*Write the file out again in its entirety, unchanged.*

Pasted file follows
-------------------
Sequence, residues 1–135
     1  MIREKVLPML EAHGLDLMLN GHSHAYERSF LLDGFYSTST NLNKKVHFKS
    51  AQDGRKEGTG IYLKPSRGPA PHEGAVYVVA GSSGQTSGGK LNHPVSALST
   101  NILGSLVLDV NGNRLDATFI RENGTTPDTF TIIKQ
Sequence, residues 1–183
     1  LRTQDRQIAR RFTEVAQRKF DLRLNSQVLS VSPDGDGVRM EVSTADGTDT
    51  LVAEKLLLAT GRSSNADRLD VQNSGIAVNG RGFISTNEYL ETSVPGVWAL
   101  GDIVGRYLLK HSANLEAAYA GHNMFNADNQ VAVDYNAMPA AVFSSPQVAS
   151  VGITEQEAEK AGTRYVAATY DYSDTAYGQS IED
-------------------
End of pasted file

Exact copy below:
Sequence, residues 1–135
     1  MIREKVLPML EAHGLDLMLN GHSHAYERSF LLDGFYSTST NLNKKVHFKS
    51  AQDGRKEGTG IYLKPSRGPA PHEGAVYVVA GSSGQTSGGK LNHPVSALST
   101  NILGSLVLDV NGNRLDATFI RENGTTPDTF TIIKQ
Sequence, residues 1–183
     1  LRTQDRQIAR RFTEVAQRKF DLRLNSQVLS VSPDGDGVRM EVSTADGTDT
    51  LVAEKLLLAT GRSSNADRLD VQNSGIAVNG RGFISTNEYL ETSVPGVWAL
   101  GDIVGRYLLK HSANLEAAYA GHNMFNADNQ VAVDYNAMPA AVFSSPQVAS
   151  VGITEQEAEK AGTRYVAATY DYSDTAYGQS IED